Two Weeks in Salò

Our first holiday in almost two years! Tom and I headed for beautiful Lake Garda in Northern Italy for two weeks of rest and relaxation. We chose the elegant town of Salò on the lake’s south western shore as our destination of choice and were not disappointed.

As you can imagine, in the absence of travelling due to Covid-19 regulations and lockdowns, it has been impossible to keep my blog up to date. The last trip Tom and I made together was in December 2019, when we visited South Africa. In the meantime, I have been writing fiction and my new book, In the Shadow of the Olive Tree, was published in July this year. I am now writing the sequel.

As we wanted to relax completely, we didn’t even bother to hire a car, figuring we could get about by ferry if we felt like it. We chose Hotel Vigna as our home for a laid-back two weeks. Directly overlooking the lake, our balcony gave us a bird’s eye view of all the boats and ferries arriving and departing.

We loved this friendly family-run hotel, which operates as an up-market bed-and-breakfast, giving us the impetus to visit many of the excellent local restaurants.

Salò itself is an interesting town in the province of Brescia in the region of Lombardy. Quite apart from the great shops, set temptingly along the pretty cobblestone streets, it is a town steeped in history.  

For three hundred years, until the 18th century, Salò was part of the Venetian Republic.

From 1943 to 1945, towards the end of World War II, Salò became the German-backed Republic of Salò under Benito Mussolini, who created his own de facto Fascist state on the shores of Lake Garda. There is an interesting exhibition at MUSA, the local museum, which deals, in part, with this subject.

Gasparo da Salò

In the same museum, there is an exhibition covering Gasparo Bertolotti, renamed Gasparo da Salò, one of the very earliest makers of the violin and we saw some of his original masterpieces on display.

The cathedral, il Duomo di Santa Maria Annunziata, is in late Gothic style and, apparently, rebuilt in the 15th century. It’s quite beautiful inside and I was particularly attracted to the way the floor was designed.

The town of Salò has a population of around 10,000, which does not swell to enormous proportions during the summer months, as it is not what I would call a “party town”, which was one of its attractions for Tom and me.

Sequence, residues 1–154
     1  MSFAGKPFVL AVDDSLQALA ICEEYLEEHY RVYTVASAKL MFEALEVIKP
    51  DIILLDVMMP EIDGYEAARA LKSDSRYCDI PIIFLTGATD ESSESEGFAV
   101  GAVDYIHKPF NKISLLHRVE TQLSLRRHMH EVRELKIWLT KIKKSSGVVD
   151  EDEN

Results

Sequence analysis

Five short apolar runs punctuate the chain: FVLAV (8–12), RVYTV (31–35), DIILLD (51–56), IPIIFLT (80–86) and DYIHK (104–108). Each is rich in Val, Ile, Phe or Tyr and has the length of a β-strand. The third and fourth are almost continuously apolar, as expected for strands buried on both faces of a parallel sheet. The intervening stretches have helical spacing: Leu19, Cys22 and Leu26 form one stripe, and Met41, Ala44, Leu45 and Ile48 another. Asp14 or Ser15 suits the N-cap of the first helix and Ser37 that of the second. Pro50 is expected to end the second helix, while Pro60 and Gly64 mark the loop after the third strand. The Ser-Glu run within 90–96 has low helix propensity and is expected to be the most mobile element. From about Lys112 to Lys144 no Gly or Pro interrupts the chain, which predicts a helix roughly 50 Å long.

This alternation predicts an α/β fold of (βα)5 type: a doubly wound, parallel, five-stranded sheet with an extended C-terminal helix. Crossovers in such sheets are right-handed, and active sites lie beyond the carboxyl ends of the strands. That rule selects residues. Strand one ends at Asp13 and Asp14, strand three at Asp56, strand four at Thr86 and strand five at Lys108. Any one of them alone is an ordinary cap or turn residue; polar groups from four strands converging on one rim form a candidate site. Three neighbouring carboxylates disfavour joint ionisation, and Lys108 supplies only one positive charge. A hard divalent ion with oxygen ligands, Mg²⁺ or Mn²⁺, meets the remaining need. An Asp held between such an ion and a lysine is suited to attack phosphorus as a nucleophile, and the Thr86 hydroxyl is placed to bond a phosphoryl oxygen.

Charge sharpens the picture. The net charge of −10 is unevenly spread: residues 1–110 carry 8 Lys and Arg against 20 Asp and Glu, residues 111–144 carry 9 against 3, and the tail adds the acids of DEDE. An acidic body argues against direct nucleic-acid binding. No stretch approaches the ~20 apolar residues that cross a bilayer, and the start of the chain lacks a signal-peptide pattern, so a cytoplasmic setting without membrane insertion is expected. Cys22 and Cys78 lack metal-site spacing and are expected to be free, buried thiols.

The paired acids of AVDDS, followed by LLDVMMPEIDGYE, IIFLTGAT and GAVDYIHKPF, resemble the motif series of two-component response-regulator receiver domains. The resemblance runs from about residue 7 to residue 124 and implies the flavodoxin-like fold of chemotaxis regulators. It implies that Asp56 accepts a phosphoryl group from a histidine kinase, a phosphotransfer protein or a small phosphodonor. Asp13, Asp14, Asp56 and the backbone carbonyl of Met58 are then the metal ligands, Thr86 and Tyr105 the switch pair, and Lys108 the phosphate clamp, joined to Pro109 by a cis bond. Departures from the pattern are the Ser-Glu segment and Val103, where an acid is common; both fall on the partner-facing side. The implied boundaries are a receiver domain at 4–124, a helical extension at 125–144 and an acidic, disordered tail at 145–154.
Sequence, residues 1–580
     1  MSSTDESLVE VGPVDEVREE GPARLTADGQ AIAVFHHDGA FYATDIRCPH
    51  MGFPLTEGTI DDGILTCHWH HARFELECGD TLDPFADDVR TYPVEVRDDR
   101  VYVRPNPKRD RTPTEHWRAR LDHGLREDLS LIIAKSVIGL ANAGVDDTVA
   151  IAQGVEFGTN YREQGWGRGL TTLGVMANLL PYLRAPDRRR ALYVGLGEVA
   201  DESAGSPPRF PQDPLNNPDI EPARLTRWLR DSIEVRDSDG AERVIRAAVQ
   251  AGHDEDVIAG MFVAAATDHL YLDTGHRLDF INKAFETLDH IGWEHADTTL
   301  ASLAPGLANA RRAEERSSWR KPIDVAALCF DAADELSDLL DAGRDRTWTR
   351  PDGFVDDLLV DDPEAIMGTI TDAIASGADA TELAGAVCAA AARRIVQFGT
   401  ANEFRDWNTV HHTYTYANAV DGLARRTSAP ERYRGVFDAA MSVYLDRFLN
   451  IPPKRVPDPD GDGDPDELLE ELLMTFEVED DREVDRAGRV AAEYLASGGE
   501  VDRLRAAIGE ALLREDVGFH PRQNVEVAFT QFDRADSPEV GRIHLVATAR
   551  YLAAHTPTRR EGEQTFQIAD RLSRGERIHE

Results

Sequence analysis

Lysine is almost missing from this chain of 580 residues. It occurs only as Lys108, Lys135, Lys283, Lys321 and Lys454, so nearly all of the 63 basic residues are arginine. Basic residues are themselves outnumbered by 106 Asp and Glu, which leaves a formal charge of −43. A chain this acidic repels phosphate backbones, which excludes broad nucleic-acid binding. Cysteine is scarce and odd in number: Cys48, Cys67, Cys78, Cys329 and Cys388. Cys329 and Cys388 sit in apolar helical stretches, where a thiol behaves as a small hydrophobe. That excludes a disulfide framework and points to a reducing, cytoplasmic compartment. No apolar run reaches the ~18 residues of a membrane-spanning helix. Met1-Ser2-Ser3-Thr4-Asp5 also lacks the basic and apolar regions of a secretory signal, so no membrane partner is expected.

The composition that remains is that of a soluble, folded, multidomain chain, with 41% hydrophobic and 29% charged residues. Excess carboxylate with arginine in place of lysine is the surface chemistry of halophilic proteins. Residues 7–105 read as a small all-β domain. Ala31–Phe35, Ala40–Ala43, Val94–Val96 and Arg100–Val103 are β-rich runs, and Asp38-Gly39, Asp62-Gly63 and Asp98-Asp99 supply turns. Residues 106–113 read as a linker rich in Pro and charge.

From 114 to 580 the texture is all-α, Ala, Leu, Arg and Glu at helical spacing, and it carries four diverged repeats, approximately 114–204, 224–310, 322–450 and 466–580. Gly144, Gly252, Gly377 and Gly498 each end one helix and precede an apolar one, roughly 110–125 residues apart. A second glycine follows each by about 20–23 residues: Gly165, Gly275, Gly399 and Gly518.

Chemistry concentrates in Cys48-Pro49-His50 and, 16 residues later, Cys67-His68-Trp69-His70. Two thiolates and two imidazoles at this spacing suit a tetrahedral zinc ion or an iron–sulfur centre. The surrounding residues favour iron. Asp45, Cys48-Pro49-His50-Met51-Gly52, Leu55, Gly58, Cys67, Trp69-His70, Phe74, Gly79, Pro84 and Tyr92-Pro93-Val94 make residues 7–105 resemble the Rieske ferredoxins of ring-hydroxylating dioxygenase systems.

Being walkers, we were also lured by the idea of being on the longest promenade – or lungolago – on the lake, being in excess of three kilometres of immaculately kept pathways and bridges, all sporting ramps for those of us who prefer a gentle incline, to scampering up and down steps.

One day we visited Limone, a small town about half way up the western side of Lake Garda, known as the Lemon Coast, where the winding streets were full of a multitude of jostling visitors. This surprised me, as it was October and I would have imagined it to be off season, but the tourists poured through the town in their droves, having arrived either by coach or by boat. However, it is a splendidly scenic town and well worth a visit, backed as it is by the vertiginous sides of the northern part of Lake Garda where the hillsides are dotted by lemon houses (limonaie), which were built long ago to shelter the lemon crops from the frost.

We also visited Toscolano-Maderno on the lake’s western coast, where the car ferry crosses the lake from Torri del Benaco throughout the year. Apparently, it is just 8kms and takes half an hour to cross. It has a long, peaceful lungolago and plenty of camp sites.

Gardone was where we visited the home of much-loved Italian poet Gabriele d’Annunzio. It is called Vittoriale degli italiani, and this is where he lived out the last sixteen years of his life. This house, with its mausoleum and gardens, really is a must-visit for anyone interested the life of this great poet. One can feel the eccentricity of the occupant in every room. As Gabriele d’Annunzio is a fascinating subject in himself, my next blog will be about his sojourn in the Vittoriale.

View from Vittoriale

Our two weeks sped by in a blur of boat trips…..

walks and exploration of our surroundings; restaurants and lazy bars where we enjoyed a spritz or two while we people-watched…..

…and wandered along cobbled streets and underneath the old clocktower….

It was all quite perfect. We were both sorry to leave lovely Salò behind, but we’ll be back.

Early morning at Salò

Orna O’Reilly

Ostuni, Puglia

9 thoughts on “Two Weeks in Salò

  1. Gosh, what a splendid place to take that first trip in much too long. Always good to see a post from you (or Tom) because I know I can enjoy lots of beautiful views and usually food and/wine. 🙂

    janet

    • Thanks Janet. It was great to get a bit of a break after such a long time. Just that change of scenery gave us a lift. The north of Italy is so entirely different to the south, that it feels like you’ve arrived in another country just by taking a domestic flight to get there. 😊

  2. Great pics and a delightful memory of our time there a couple years ago (pre-COVID, of course).

    On Thu, Nov 11, 2021 at 9:51 AM Orna O’Reilly: Travelling Italy wrote:

    > orna2013 posted: ” Our first holiday in almost two years! Tom and I headed > for beautiful Lake Garda in Northern Italy for two weeks of rest and > relaxation. We chose the elegant town of Salò on the lake’s south western > shore as our destination of choice and were not dis” >

  3. A very nice visit and I was pleased to learn the word “lungolago”, which makes perfect sense, but I don’t recall having ever heard it. Admittedly, I haven’t been lungolago in quite a lungo tempo.

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